Plasmon-enhanced nonlinear optics for applications in sensing and biology


In this thesis, we present the results of three experiments that combine techniques from the elds of ultrafast nonlinear optics and plasmonics, with the aim of developing tools for improved surface-enhanced Raman spectroscopy and biological cell transfection. We fi rst describe the use of femtosecond laser pulses to generate large areas of a nanostructured silicon surface which is used as a new type of substrate for surface-enhanced Raman scattering (SERS). We perform spectroscopic characterization of this substrate and nd its Raman cross-section enhancement factor to be on the order of 10^7. This large, spatially-uniform, and reproducible enhancement factor is nearly constant across the near-infrared spectral region. In a second experiment, we develop a technique to spatially isolate the \hot spots" on SERS substrates. This technique leverages the plasmonic near eld enhancement of metallic nanostructures to preferentially expose a commercial photoresist using femtosecond laser pulses. By isolating the hot spots, analyte molecules adsorb only to the regions of largest electromagnetic enhancement. Compared to an unprocessed substrate covered with a sub-monolayer of benzenethiol molecules, a processed substrate shows a 27-fold im- provement in its average Raman cross-section enhancement factor. Finally, we present a proof-of-principle experiment which demonstrates high-throughput ultrafast laser transfection of biological cells using large-area plasmonic substrates. Utilizing the fi eld localization properties of a substrate fabricated using photolithography, wet etching, and template stripping, we demonstrate the introduction of silence RNA (siRNA) molecules into cells with an efficiency of approximately 50% after exposure to femtosecond laser pulses.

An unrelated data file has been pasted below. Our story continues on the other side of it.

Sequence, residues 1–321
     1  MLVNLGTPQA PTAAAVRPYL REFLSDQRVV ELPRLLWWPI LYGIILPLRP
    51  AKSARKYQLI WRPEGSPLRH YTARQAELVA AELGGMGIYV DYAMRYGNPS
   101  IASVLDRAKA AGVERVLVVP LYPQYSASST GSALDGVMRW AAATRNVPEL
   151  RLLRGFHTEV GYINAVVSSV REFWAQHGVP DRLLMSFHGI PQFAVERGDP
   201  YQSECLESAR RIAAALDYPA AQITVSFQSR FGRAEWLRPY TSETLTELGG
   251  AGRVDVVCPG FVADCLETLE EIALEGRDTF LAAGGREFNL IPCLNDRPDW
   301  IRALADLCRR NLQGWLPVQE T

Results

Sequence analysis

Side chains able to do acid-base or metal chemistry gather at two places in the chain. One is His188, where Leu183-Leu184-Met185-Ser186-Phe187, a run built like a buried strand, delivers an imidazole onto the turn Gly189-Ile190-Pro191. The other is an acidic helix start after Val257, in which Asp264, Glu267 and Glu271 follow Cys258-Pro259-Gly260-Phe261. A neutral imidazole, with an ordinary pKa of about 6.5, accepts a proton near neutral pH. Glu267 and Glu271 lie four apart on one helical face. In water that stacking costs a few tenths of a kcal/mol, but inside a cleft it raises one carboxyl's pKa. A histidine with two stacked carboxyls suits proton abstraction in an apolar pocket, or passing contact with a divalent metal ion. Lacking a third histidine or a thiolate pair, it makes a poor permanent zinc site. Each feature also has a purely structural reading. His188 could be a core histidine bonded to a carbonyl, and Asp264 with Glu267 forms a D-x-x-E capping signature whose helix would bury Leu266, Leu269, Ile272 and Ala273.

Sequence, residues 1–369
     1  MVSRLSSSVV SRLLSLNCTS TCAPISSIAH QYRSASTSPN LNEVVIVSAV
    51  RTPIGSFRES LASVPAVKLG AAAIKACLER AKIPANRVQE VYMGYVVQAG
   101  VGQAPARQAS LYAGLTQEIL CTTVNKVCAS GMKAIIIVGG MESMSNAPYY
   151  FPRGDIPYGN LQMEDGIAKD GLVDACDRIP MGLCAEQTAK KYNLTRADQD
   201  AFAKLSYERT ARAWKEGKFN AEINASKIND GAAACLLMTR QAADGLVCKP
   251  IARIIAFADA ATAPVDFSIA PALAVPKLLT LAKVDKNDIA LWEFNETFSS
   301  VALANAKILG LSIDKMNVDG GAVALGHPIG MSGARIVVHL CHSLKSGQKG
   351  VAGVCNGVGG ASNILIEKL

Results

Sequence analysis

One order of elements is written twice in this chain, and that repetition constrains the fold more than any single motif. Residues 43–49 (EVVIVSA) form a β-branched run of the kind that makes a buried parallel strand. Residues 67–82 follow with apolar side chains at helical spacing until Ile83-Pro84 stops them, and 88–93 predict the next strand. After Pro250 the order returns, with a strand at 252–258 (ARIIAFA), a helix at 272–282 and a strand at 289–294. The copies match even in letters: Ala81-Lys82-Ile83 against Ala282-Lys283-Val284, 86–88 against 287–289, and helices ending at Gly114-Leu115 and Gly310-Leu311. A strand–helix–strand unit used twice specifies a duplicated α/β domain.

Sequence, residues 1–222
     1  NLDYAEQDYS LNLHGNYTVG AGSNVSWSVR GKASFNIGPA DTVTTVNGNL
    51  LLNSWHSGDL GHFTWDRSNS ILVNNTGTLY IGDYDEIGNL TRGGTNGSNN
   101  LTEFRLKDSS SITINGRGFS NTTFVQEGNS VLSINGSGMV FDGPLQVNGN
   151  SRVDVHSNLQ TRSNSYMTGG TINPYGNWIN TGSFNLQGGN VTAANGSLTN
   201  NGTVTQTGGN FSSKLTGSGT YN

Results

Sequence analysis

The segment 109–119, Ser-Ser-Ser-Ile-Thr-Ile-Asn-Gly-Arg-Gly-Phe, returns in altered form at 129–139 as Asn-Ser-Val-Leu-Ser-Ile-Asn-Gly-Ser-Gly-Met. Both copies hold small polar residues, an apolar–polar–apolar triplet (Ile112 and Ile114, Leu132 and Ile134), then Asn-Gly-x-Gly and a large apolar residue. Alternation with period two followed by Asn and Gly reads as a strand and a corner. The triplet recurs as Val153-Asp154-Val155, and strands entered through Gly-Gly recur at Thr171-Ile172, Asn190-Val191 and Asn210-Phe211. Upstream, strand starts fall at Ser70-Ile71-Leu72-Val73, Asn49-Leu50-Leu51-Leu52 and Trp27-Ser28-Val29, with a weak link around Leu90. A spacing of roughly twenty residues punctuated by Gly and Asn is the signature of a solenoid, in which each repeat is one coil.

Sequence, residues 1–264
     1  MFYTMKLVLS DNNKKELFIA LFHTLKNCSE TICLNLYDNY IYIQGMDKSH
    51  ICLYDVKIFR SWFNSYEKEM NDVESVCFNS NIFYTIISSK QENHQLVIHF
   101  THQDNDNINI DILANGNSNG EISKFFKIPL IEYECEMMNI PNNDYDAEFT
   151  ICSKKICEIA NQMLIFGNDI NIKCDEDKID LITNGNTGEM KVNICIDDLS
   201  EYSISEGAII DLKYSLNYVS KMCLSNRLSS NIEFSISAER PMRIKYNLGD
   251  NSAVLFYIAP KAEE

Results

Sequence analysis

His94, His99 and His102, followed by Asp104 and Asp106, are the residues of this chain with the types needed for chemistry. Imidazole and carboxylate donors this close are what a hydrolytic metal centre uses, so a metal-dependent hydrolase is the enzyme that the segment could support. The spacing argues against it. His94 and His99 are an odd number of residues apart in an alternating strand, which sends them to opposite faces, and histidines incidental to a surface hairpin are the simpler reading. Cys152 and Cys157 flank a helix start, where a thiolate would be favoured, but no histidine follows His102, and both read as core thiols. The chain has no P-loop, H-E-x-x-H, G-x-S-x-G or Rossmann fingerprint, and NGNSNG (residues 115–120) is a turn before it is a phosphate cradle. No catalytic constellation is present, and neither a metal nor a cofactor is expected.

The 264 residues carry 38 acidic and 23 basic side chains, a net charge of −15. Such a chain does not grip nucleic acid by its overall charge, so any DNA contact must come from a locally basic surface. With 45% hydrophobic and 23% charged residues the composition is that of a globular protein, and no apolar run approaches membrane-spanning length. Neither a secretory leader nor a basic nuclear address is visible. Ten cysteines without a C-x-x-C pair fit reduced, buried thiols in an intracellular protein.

Last updated on 07/24/2019